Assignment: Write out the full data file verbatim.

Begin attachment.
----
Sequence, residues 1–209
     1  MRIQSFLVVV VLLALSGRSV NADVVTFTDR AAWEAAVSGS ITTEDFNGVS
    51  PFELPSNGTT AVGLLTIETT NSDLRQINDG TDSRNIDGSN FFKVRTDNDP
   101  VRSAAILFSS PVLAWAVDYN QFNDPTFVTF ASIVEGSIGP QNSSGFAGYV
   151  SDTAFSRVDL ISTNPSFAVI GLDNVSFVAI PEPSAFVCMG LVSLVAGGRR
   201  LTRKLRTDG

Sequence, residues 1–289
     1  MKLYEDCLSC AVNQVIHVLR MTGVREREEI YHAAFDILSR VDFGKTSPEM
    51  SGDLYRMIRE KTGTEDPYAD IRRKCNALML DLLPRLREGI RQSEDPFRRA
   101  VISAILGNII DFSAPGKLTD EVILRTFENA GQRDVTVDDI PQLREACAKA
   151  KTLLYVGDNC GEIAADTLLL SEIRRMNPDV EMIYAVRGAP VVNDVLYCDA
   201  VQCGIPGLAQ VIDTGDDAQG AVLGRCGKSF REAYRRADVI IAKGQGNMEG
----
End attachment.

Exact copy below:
Sequence, residues 1–209
     1  MRIQSFLVVV VLLALSGRSV NADVVTFTDR AAWEAAVSGS ITTEDFNGVS
    51  PFELPSNGTT AVGLLTIETT NSDLRQINDG TDSRNIDGSN FFKVRTDNDP
   101  VRSAAILFSS PVLAWAVDYN QFNDPTFVTF ASIVEGSIGP QNSSGFAGYV
   151  SDTAFSRVDL ISTNPSFAVI GLDNVSFVAI PEPSAFVCMG LVSLVAGGRR
   201  LTRKLRTDG

Sequence, residues 1–289
     1  MKLYEDCLSC AVNQVIHVLR MTGVREREEI YHAAFDILSR VDFGKTSPEM
    51  SGDLYRMIRE KTGTEDPYAD IRRKCNALML DLLPRLREGI RQSEDPFRRA
   101  VISAILGNII DFSAPGKLTD EVILRTFENA GQRDVTVDDI PQLREACAKA
   151  KTLLYVGDNC GEIAADTLLL SEIRRMNPDV EMIYAVRGAP VVNDVLYCDA
   201  VQCGIPGLAQ VIDTGDDAQG AVLGRCGKSF REAYRRADVI IAKGQGNMEG